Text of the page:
Bearberry (Uva Ursi)

Bearberry (Uva-ursi) (Arctostaphylos uva-ursi)

Family: Ericaceae

Parts commonly used: Leaf harvested in fall or summer.

Properties/energetics: Diuretic, astringent, urinary antiseptic, demulcent, soothing tonic/Cold; bitter, astringent.

Systems predominantly affected:  Genitourinary.

Uses: Bearberry (also known as Uva-Ursi, Kinnikinnick, and Indian Tobacco) will influence all mucous membranes, showing a specific affinity with the genitourinary system, giving an antiseptic, astringent, and demulcent effect. It is extremely effective for treating chronic inflammation of the bladder and kidneys. It will soothe, tone, and disinfect this system, and its tissue-strengthening astringency can be helpful in treating prostate weakness and some forms of bed-wetting. Bearberry is used for treating catarrh of the bladder, leucorrhea, and lingering gonorrhea and its associated symptoms. It will gradually diminish the discharge while it works to tone the tissue. The leaves of this herb relieve aching back caused by kidney trouble. Bearberry contains 7 to 9 percent arbutin in the leaves, which is largely responsible for its antimicrobial action in the urinary tract. Besides being antiseptic in the urinary tract, Bearberry is diuretic and astringent, removing excess water and strengthening the bladder wall.

Combinations: Combines well with Marshmallow root, Yarrow, Couch Grass, Buchu, and Corn Silk to treat cystitis or pyelitis (infection and inflammation of the renal pelvis of the kidney in males, often due to stagnant urine blocked by an enlarged prostate or kidney stones). Bearberry has a specific use for treating conditions associated with small stones (gravel) or a calculus in the kidney or bladder. Combines well with Horsetail, Agrimony, and Corn Silk to treat some forms of incontinence such as bed-wetting.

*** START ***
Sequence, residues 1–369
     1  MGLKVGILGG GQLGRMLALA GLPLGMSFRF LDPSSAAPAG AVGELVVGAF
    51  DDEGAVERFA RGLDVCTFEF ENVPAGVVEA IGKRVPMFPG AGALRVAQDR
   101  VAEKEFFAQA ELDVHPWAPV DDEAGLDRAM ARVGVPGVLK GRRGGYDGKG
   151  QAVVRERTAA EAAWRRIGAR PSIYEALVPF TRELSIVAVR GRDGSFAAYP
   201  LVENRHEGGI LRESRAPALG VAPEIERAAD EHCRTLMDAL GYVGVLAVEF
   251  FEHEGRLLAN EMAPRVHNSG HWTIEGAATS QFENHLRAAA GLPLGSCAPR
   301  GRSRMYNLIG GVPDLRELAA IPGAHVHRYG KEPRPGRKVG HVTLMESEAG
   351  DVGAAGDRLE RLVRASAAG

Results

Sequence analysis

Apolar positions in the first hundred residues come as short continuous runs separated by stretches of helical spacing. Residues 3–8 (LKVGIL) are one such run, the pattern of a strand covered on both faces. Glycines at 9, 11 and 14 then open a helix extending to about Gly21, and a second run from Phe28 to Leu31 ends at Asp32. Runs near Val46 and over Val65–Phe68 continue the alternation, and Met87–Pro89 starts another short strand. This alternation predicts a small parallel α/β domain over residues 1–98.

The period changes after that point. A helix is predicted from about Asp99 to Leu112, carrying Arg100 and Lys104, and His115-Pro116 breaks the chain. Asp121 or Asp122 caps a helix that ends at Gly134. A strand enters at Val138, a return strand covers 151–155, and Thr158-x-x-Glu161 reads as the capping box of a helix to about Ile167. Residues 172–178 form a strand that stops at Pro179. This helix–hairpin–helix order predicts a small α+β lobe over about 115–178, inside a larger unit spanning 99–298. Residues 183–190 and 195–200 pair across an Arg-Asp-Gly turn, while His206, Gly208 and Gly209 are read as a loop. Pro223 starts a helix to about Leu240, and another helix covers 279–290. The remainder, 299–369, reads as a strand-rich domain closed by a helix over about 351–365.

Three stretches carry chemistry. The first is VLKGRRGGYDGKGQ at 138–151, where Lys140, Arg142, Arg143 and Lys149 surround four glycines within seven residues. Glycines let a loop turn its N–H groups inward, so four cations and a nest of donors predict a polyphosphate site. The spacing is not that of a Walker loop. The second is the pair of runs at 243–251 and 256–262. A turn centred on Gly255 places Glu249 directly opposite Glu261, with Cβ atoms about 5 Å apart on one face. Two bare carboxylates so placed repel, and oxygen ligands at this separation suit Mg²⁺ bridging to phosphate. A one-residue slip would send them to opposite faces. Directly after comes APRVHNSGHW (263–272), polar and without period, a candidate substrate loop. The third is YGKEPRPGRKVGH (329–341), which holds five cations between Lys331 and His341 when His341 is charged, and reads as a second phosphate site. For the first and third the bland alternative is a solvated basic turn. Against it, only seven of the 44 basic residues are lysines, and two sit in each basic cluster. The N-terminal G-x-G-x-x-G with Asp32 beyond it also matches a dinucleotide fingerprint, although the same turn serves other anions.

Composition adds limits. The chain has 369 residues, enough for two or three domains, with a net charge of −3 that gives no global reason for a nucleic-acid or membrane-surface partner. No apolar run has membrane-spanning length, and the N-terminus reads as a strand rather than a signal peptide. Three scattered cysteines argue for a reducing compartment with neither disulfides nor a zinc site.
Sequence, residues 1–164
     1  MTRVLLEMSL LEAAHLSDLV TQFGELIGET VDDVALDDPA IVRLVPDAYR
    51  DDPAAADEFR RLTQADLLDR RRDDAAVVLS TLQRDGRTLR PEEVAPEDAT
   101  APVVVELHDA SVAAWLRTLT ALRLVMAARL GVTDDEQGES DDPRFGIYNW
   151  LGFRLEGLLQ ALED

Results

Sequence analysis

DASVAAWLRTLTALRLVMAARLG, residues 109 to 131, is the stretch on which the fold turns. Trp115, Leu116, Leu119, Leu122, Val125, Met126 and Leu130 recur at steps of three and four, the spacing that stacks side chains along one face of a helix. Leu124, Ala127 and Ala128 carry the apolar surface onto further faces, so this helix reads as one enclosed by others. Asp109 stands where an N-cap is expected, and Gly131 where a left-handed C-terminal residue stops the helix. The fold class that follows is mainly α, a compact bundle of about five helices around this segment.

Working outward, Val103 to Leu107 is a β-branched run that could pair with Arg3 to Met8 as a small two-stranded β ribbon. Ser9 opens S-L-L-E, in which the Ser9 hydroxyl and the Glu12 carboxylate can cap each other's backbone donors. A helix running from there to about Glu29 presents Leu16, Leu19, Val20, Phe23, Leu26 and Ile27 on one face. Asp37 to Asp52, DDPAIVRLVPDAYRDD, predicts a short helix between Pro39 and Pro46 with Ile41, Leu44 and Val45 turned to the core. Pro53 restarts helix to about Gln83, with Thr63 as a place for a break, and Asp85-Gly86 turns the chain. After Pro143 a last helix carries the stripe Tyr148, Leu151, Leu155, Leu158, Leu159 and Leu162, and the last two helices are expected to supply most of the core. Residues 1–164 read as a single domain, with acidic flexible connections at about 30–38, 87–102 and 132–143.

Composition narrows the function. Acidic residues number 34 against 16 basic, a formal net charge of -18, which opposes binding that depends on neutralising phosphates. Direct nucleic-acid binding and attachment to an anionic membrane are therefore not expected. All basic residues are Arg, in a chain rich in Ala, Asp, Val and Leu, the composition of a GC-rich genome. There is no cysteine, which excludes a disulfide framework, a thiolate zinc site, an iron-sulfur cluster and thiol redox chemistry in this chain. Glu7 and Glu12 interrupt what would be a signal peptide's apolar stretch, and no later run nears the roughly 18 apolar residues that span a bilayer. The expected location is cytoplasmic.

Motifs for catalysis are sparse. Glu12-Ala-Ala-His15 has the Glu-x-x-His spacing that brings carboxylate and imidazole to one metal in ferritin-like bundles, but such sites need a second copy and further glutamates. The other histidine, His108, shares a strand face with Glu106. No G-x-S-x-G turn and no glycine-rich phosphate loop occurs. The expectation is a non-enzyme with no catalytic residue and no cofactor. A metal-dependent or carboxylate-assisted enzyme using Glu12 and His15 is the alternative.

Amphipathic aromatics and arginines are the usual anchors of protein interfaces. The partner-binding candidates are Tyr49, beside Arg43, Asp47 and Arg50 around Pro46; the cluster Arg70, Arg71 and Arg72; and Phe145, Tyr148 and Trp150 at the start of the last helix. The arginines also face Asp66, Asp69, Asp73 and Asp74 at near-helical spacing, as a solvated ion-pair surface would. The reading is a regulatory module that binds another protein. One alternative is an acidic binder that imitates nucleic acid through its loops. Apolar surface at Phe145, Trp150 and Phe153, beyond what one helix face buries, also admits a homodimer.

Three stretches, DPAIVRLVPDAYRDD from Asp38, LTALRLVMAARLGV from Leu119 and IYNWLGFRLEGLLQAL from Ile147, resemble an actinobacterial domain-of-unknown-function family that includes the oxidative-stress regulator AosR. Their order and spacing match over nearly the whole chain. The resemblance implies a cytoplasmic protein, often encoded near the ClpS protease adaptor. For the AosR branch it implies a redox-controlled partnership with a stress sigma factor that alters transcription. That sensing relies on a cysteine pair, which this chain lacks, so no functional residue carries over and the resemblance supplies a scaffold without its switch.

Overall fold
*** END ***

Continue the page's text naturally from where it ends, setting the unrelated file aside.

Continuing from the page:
Affects on specific body types: As a tonic, Bearberry is a good general diuretic for Monarch-type kidney and bladder problems, especially for water retention and chronic or recurring infections when, according to the early-twentieth-century herbalist Harvey Wickes Felter, “the tissues are relaxed and toneless, with dragging and weighty feeling. There is always a feeble circulation and lack of innervation when Uva-Ursi is indicated.” Good for all types for treating acute urinary-tract infection. Use with a demulcent such as Marshmallow root and/or Corn Silk to allay any irritation to gastrointestinal and urinary tracts.

Preparations/dosage: Infusion: 1/2 cup four times a day to treat infection. Tincture: For treating urinary-tract conditions, 60 drops in water as needed.

Precautions: Can be irritating to the stomach if used in frequent large doses.

By James Green, Herbalist, copyright 2008

For more information please refer to James Green’s book, The Male Herbal, 2nd Edition